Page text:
UAV manufacturers are seeking air control 0

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UAV manufacturers are seeking air control

in February this year, the FAA, which is planning UAV regulation, agreed to exempt the insurance company state farm from the UAV ban, which can test the use of UAVs in claim inspection. On March 19, the FAA granted Amazon () an exemption to continue testing its UAV for delivering packages. In Portland, Oregon, skyward, a start-up company, is promoting a UAV traffic control system that allows thousands of UAVs to pass through the city without colliding with each other or endangering personal safety

skyward is cooperating with the National Aeronautics and Space Administration (NASA) of the United States and the three largest UAV manufacturers in the world. Therefore, revising the electronic universal experimental machine is a very important preliminary preparation - China's Xinjiang innovation, the United States' 3D robotics and France's Parrot - to prove that groups of UAVs can coexist safely in crowded airspace. "It is important to apply the regulatory framework to a new aviation infrastructure." Jonathan Evans, co-founder and CEO of skyward, said. The software project, called urban skyways, is similar to the traditional air traffic control system in design, but can be used at 1200 feet (about 366 meters) or lower, said parimal kopardekar. Copadkar is responsible for NASA's UAV coordination test, and his researchers are also spending time on this project

marcos Osorno, chief technology officer of skyward, said that urban skyways will load skyward's cloud software into each UAV and the computer used by the UAV operator. The software will draw the path of all UAVs equipped with the software, so that dispatchers of companies such as Amazon or UPS can log in to the system, submit flight plans, and receive an automatically generated route from the delivery start to the destination, so as to help the UAV avoid other aircraft. The flight plan will also take into account relevant regulations of local and federal governments. "The first question our system must answer is: 'where can we fly safely?'" Osorno said

at present, there are few places for UAVs to fly safely and the distance is not long. If the FAA regulations on commercial UAVs are adopted, the range of UAVs will be limited to the operator's line of sight. The regulation will also prohibit drones from flying over unprotected bystanders. The FAA acknowledges that technological progress can persuade it to modify or reformulate the UAV management regulations that will be implemented about next year, but there is no guarantee in this regard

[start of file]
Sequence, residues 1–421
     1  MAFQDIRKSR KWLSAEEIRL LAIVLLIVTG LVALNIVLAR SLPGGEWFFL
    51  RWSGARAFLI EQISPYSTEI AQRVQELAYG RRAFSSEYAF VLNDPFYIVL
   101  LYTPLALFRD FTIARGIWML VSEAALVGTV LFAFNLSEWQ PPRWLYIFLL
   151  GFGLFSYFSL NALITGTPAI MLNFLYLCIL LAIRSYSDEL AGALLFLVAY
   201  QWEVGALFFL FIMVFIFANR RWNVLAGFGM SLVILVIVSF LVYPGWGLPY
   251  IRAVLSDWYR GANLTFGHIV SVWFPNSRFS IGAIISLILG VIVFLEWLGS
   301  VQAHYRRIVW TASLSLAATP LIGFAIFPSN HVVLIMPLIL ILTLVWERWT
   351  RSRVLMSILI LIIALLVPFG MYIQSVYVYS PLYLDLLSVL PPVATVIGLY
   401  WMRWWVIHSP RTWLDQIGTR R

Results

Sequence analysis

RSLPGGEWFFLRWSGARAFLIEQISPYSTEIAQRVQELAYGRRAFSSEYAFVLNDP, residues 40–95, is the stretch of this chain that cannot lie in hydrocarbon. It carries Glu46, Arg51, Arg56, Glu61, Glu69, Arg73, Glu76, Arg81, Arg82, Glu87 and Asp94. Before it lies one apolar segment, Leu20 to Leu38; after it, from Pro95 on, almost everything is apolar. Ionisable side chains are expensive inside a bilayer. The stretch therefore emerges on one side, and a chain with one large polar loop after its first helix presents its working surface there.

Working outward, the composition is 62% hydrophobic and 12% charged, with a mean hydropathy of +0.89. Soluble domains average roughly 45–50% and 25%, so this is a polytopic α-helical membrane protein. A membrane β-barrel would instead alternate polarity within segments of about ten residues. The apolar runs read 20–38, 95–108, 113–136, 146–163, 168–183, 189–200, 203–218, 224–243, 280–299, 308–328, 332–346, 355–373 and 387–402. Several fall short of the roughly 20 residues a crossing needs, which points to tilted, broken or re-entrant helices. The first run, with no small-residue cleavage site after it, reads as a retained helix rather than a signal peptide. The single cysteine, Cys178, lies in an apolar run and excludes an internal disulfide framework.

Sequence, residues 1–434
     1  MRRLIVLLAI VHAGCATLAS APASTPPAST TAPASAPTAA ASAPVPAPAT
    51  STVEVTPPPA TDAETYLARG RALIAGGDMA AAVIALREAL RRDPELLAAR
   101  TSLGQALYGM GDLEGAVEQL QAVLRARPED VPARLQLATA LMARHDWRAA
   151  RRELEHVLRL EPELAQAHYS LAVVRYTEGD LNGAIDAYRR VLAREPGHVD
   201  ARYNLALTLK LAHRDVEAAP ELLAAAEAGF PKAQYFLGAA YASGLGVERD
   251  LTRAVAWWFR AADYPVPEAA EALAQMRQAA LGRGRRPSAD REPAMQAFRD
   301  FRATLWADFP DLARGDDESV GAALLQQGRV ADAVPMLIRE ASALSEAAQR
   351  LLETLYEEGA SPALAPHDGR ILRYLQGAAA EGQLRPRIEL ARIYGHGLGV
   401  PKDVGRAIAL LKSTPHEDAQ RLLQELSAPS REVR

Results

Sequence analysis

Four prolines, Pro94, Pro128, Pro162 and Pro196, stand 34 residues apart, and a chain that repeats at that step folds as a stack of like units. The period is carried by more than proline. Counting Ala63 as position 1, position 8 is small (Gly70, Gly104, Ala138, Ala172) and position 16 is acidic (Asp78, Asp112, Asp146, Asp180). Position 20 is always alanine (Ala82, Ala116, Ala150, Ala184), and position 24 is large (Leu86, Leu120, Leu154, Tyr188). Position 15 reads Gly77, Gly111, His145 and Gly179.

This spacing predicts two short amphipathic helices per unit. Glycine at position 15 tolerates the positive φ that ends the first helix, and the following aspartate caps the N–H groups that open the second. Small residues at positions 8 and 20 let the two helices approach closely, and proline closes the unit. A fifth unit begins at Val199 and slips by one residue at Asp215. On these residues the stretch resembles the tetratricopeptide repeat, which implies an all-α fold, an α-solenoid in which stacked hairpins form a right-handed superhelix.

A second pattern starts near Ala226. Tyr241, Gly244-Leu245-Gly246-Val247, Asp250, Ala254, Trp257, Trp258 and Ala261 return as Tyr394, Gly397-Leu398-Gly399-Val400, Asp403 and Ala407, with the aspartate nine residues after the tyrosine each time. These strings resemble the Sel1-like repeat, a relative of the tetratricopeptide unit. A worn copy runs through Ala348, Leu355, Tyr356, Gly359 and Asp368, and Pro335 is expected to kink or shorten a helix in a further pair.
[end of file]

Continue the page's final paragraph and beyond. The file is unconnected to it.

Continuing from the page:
Evans said that he once worked as a helicopter pilot, so he believes that UAVs can operate safely in cities. "I always fly at low altitude in urban areas," he said. "There are traffic rules in the air, and skyward is extending these rules to UAVs." Evans and Osorno met more than a decade ago. At that time, they were both American helicopter pilots stationed in Germany. Evans later flew medical helicopters in Portland and anchorage, Alaska

skyward and its partners are going to charge annual fees to UAV operators using traffic control software. Tensile samples should meet the tensile test requirements of relevant national and industrial standards for different materials, so as to obtain income. At present, skyward provides consulting and cooperation for the company in UAV operator training and FAA regulatory compliance. In July last year, the company with 12 employees received $1.5 million in venture capital from Voyager capital, Draper associates and Toivo Annas, former development director of Skype. Skyward declined to disclose its revenue

Christian Ramsey, planning manager of exelis, a large US defense contractor, said that exelis would publish guidelines focusing on UAVs on the basis of the tracking system of manned aircraft. Skyward engineers say their expertise in low airspace and the participation of three leading UAV manufacturers give them an advantage. In addition, Evans said that UAV traffic control is more like managing "flying" than Boeing 747

skyward and its partners plan to show their traffic control software in London, Vancouver, Las Vegas and Portland from May to September this year. When purchasing any one machine, it is first necessary to specify their own experimental purposes. Osorno and Evans say they spend most of their time designing demonstration routes that will be impressive - and safe

3d robotics has raised US $110million to turn commercial UAVs into mainstream products. "Ensuring security and reliability is a very important part," said chrisanderson, CEO of the company. "We very much hope skyward can ensure this."


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